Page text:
Coyote Teaching


We’ve been talking about free-range learning, but another powerful metaphor is coyote teaching. Eric Hoefler [dead link] writes a thought-provoking article on the creative and destructive power of coyote, the trickster:

Tricksters live in between, answering yes and no at the same time and sincerely meaning both & thus, they are frustrating figures who offer no real answers, only more questions.
Tricksters are boundary-breakers and disruptors; they violate laws, morals, and customs; they invite chaos; they are disturbing and unsettling — but this very attribute is also part of their power to create and invent.
Tricksters are sneaky, greedy thieves — but their persistence is admirable and often leads to new solutions to a problem.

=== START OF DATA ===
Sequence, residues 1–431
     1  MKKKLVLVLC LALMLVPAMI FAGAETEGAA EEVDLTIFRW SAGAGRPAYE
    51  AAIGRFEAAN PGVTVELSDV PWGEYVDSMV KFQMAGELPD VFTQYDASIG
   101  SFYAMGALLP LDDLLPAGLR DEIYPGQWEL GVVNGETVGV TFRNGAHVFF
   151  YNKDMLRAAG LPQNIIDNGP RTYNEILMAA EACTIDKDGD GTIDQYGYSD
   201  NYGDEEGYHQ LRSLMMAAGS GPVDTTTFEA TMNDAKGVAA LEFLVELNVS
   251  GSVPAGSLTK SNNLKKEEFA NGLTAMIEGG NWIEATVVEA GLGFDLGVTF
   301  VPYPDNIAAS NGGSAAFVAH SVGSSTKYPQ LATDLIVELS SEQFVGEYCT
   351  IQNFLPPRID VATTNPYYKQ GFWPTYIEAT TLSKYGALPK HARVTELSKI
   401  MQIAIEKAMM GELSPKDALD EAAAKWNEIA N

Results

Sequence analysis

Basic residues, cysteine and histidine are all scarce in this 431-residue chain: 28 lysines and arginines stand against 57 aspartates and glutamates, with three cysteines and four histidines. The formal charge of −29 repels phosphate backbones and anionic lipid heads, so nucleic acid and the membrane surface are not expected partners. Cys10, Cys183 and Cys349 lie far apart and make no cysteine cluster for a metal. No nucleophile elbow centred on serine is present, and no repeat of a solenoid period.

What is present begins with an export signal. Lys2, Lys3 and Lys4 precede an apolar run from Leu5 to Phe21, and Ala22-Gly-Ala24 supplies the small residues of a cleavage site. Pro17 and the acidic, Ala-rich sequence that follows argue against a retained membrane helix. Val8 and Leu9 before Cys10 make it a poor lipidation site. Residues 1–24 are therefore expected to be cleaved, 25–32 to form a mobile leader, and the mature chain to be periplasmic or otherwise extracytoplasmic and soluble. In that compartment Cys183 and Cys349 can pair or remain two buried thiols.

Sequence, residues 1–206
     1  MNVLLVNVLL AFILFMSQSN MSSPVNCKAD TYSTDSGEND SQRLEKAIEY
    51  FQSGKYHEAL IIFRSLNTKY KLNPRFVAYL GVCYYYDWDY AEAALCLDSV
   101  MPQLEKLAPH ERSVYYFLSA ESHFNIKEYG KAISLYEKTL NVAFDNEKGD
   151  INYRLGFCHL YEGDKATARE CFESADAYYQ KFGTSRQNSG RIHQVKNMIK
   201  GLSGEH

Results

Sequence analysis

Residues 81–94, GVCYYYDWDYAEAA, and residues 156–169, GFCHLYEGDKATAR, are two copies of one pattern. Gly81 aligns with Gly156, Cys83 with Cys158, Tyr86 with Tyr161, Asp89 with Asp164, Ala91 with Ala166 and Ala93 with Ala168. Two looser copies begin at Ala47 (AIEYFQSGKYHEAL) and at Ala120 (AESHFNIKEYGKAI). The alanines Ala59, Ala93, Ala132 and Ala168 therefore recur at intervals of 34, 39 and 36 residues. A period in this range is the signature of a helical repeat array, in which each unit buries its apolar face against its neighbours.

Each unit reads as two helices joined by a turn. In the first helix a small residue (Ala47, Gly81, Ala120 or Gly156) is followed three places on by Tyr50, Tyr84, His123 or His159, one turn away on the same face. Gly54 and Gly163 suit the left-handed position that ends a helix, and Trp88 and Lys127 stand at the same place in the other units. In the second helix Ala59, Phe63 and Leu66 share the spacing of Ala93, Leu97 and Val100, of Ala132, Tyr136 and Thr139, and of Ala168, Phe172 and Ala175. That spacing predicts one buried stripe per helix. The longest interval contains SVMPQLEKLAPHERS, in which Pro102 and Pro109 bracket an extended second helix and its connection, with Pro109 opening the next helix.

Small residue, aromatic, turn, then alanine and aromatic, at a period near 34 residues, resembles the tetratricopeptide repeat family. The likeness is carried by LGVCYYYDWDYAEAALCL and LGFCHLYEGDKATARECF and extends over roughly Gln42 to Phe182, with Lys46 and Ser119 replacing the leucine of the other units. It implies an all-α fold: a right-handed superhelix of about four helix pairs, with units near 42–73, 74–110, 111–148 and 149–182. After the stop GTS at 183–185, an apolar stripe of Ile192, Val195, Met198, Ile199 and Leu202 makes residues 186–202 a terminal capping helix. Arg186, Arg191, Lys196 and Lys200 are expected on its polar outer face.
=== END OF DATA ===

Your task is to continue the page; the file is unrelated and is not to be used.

Tricksters are holy beings — though generally despised by the respectable members of the pantheon, they still rank as divine, meaning their methods may be oppositional, but what they do has lasting significance.

Coyotes leading free-range chickens has some interesting implications, but may illustrate the dynamic tension that is necessary for break-through learning. I’d suggest reading all of Hoefler’s post, and I intend to follow-up on some of the references.

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